What an intense spring we are all experiencing. As we wrestle with how to create new ways of being at home and in our communities (while keeping our distance, working from home with kids at home, and adapting our businesses to operate during pandemic times) many of us are also experiencing information overload.
Land to Table would like to echo the thoughts and sentiment of most organizations in that we support the efforts to maintain social distancing to keep ourselves and our communities as healthy as possible. Also, we are optimistic about the opportunity to draw value and awareness to the importance of creating a strong local food system. Creating opportunities for more deeply connecting to each other through food seems more important than ever. We also want to acknowledge some of the challenges that many are facing: we know that those among us who were food insecure some weeks ago are suffering the most during these times; we know that with restaurants closing, many small farms are having to make quick changes as to where and how produce and meat are being sold; some are worried about attending farmers markets, though many outdoor venues will be essential access points for fresh food; and for individuals and farmers alike you may have noticed that your seed provider is sold out of seed or overloaded with orders and slower to ship.
It is the mission of the L2T Network to catalyze connections and collaboration in order to strengthen our regional food system and so if there is any way we can help in overcoming barriers, sharing resources or connecting individuals and organizations during these challenging times we would like to hear from you. Send your ideas/notes to Liz – [email protected] – We will be hosting online gatherings with various food system groups to carry on with conversations that began in person earlier this year. Please also stay tuned for a network wide Zoom call/conversation at the end of April.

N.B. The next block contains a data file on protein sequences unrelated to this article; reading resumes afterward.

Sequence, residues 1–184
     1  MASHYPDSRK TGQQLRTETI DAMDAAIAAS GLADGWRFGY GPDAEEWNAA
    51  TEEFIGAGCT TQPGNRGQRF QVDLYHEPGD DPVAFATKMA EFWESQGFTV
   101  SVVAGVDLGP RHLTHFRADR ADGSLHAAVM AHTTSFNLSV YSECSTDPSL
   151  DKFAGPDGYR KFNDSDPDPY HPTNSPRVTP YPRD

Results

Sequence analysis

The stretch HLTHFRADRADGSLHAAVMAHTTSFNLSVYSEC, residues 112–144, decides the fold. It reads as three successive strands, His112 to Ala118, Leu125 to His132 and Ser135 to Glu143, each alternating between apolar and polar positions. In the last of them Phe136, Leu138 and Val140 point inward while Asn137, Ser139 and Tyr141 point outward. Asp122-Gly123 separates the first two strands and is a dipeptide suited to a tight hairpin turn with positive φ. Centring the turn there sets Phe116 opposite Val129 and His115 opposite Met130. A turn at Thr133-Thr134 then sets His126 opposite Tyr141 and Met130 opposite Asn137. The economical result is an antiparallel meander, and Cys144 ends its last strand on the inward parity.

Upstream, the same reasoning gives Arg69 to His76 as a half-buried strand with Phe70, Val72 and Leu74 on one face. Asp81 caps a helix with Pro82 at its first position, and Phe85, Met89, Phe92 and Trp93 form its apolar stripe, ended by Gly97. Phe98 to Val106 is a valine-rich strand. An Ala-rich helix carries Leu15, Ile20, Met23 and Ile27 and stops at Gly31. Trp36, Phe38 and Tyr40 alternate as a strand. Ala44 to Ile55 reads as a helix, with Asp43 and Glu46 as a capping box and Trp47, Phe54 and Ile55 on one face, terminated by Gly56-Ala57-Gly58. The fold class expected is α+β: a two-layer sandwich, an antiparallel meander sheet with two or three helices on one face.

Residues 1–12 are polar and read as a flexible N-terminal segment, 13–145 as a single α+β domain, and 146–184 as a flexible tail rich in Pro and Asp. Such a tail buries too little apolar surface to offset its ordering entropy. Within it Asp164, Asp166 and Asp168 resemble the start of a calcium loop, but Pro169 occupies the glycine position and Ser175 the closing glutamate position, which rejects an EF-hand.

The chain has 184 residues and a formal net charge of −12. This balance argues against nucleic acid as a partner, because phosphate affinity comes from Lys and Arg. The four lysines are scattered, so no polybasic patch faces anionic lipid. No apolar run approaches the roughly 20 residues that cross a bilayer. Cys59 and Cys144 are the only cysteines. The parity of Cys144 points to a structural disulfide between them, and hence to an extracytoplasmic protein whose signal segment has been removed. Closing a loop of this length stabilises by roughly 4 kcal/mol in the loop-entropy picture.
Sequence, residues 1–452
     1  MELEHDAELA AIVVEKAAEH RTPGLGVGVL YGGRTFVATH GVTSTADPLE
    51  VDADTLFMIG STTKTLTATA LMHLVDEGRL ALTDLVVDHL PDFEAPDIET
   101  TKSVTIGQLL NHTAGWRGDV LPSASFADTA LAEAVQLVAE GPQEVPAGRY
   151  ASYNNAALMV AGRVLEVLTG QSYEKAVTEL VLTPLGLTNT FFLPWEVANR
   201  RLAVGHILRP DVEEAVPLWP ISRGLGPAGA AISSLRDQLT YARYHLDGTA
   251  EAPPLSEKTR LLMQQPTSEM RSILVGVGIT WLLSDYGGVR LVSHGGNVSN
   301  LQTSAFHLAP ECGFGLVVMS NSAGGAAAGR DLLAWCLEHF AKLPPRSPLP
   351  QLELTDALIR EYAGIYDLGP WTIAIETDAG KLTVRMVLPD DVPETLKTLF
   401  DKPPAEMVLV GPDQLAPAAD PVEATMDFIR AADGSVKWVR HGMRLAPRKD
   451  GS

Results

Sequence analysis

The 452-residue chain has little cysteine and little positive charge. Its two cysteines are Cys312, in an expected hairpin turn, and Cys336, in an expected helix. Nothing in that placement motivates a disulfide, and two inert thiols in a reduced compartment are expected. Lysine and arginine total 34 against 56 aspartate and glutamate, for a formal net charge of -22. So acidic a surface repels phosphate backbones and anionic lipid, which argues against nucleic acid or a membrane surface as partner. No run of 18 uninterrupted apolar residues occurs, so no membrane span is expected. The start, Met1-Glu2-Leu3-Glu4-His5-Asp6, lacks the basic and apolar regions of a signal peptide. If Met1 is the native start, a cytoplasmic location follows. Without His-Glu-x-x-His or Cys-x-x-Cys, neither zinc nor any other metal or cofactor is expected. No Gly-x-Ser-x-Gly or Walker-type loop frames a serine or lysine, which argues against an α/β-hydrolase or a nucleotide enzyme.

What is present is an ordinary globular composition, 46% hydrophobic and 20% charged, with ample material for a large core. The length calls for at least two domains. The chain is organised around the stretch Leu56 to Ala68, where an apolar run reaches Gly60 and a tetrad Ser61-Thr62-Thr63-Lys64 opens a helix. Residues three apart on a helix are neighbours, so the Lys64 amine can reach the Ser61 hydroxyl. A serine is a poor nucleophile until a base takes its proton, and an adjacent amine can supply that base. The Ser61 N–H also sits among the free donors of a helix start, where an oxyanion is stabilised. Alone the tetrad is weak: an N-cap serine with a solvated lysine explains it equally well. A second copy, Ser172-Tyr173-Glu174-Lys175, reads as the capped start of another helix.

In the meantime, we have gathered some resources that may be helpful. As a start check out this blog post – Resiliency during Pandemonium – by local farmer Annelise Grube-Cavers of Fresh Valley Farm!
COVID-19 Food Safety and Small Business Resources
Health and safety consideration for farmers related to COVID-19 – see this blog post by the University of Vermont – https://blog.uvm.edu/cwcallah/2020/03/18/considerations-for-fruit-and-vegetable-growers-related-to-coronavirus-covid-19/
Resources for small businesses affected by COVID-19 – https://smallbusinessbc.ca/article/resources-for-small-businesses-affected-by-coronavirus-covid-19/
See updates from the Young Agrarians website – Now’s the Time to Support Your Local Farmer
We have heard that some community members are expressing concern about the safety of attending farmers markets and while some municipalities have cancelled some markets the BC Centre for Disease Control has deemed them low risk for transmission of COVID-19 and can be safer than grocery stores (they are outdoors and have fewer people handling produce). See the BC Association of Farmers Markets website for updates and resources – https://bcfarmersmarket.org/bcafm-update-on-covid-19/
As we experience disruptions in global food supplies (that stock most of our large grocery stores) farmers markets will become even more essential access points for fresh food. The Vancouver Farmers Market explains how markets will look and operate in order to maintain proper social distancing and safety for all. Learn more at: https://eatlocal.org/covid-19-update-march-19-2/
Community Supported Agriculture (CSA)
On the right side of the Certified Organic Association of BC (COABC) webpage there is a search function where you can search producers or products by region. Look up your regional farms and see if they offer a CSA box (some are creating creative delivery options)! This is the time of year to sign up.
Here are some farms in the North Okanagan offering a CSA harvest box:
Others just outside of our region include:
Ways to Support Emergency Food Programs (in Vernon)